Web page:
BBC Newswatch responds to question about Politics Live
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BBC Breakfast’s Newswatch segment on Saturday morning’s show united some viewers online. Earlier this week, The Reclaim Party founder Lawrence Fox appeared on Politics Live and his comments on culture wars sparked many complaints, with some onlookers questioning if the BBC was in fact impartial.
After showing a small segment from the BBC Two show, broadcaster Samira Ahmed went through the list of complaints on the matter.
She ended the piece by reading a statement from a BBC spokesperson to defend the controversial guest.
Samira said: “As part of the BBC’s commitment to impartiality, the Politics Live editorial team is focused on ensuring a broad range of views is represented on the programme over the course of each week.”
The three words “commitment to impartiality” seemed to annoy several spectators.
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Viewer @jighost22 said: “BBC’s commitment to impartiality? ???? #BBCBreakfast.” (sic)
@HughEdw31897368 described: “Politics Live – impartial?!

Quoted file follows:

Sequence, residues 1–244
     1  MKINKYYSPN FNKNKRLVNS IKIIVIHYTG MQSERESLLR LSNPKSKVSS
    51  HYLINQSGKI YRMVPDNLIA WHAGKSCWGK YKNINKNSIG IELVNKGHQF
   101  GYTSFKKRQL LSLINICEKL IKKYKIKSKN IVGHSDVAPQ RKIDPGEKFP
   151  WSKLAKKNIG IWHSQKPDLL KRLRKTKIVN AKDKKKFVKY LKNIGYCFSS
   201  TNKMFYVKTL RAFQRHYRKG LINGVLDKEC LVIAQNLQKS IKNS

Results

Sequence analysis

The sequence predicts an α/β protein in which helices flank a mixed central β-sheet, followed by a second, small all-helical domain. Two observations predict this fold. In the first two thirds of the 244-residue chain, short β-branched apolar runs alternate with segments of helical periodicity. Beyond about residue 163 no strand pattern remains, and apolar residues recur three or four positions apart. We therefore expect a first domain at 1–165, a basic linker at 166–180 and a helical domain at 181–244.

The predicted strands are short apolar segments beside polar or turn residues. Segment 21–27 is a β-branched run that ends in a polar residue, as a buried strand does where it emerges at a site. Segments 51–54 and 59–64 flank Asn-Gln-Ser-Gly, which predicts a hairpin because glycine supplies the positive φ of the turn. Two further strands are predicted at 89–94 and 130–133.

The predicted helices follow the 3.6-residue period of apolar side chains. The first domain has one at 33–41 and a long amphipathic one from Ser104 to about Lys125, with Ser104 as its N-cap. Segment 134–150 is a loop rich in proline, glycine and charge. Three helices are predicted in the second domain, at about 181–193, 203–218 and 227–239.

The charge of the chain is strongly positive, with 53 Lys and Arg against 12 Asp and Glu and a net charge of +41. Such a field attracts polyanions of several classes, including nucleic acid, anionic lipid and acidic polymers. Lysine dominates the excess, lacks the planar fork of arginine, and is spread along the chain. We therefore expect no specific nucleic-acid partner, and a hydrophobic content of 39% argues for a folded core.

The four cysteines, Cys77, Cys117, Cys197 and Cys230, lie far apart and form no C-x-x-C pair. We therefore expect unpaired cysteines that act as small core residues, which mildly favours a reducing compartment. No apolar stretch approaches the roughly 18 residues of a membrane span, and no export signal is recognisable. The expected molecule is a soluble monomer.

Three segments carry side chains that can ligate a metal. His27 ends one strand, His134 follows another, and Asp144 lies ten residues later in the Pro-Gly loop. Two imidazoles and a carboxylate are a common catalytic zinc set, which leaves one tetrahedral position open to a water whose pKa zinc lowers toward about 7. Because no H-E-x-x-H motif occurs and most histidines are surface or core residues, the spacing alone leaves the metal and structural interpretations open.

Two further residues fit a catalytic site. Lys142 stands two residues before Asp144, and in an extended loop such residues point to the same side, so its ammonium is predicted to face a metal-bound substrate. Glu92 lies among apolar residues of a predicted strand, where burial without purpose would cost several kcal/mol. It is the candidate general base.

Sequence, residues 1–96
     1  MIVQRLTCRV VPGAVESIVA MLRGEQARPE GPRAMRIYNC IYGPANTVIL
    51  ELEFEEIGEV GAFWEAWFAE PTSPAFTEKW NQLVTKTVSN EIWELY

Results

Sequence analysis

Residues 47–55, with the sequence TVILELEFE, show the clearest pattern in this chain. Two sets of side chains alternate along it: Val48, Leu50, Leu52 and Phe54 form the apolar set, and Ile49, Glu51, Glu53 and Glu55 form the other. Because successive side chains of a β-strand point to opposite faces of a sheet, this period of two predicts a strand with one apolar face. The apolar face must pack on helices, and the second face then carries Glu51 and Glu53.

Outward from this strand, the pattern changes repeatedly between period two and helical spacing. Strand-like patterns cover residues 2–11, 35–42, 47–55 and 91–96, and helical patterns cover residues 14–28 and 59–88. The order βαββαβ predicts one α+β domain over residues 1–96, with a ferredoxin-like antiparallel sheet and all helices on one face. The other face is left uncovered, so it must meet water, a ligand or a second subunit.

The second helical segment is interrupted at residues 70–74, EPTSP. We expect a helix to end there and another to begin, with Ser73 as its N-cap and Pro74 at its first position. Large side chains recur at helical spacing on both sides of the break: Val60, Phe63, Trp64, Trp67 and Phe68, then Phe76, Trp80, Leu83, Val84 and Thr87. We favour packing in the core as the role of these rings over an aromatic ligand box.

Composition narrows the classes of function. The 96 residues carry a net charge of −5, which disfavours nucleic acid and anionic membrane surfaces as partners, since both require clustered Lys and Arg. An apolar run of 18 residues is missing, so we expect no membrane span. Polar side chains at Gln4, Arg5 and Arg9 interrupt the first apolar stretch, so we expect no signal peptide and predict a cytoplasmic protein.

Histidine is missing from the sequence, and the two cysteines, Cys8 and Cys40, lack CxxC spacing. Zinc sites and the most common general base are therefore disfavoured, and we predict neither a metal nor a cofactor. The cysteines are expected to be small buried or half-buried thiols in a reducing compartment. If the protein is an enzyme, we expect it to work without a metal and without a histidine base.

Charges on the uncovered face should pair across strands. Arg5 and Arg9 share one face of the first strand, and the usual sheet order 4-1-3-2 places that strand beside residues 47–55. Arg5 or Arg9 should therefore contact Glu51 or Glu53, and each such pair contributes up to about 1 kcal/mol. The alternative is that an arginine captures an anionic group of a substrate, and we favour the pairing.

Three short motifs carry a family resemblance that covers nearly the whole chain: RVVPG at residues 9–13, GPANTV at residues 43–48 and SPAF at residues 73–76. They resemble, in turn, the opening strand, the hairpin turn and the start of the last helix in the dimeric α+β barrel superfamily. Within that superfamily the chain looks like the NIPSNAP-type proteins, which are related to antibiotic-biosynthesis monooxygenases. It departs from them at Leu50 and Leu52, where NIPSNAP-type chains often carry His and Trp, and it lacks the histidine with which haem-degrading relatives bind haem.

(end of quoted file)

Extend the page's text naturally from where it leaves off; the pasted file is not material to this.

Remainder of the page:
“Laurence Fox was a particular low point, but this programme regularly features right-wing views.
“It’s also not transparent. It often has ex UKIP members on but just refers to them as ‘political commentators’ #bbcbreakfast #JohnsonOut117.” (sic)
@AndrewJAshton1 stated: “You don’t see many ‘left wing commentators’ on #PoliticsLive. It’s one of the BBC’s platforms for the far right.” (sic)
@cosmos2005 added: “#BBCBreakfast so according to BBC Newswatch the BBC has to be impartial to allow on various guests on Politics Live etc.
“So when was the last time Corbyn or anyone to the left of the current Labour party was given airtime.” (sic)
Also, during the report, Samira read out a tweet that was posted during the live panel debate, which sparked Newswatch to reach out to the BBC.
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Reciting the post by Anthea Eastoe, she said: “He got fewer votes than a YouTuber, yet we license payers are paying for his toxic views to be broadcast. Why?
“Where are the Green Party or Lib Dems?”
While on the show, he spoke about “gender theory” and “critical race theory” in schools and institutions and stated it was “appalling”.
As well as talking about “wokeism” he also hit out at the Government for their stance on healthier food options and if there should or shouldn’t be bans on unhealthy treats.
He said: “I don’t think it’s up to the Government, I don’t think the Government should be getting involved in this stuff.
“It’s not their business, let businesses act how they want to act.
“I don’t want to be told by Government ministers what I can eat, thanks very much.”
BBC Breakfast airs weekdays at 6am on BBC One
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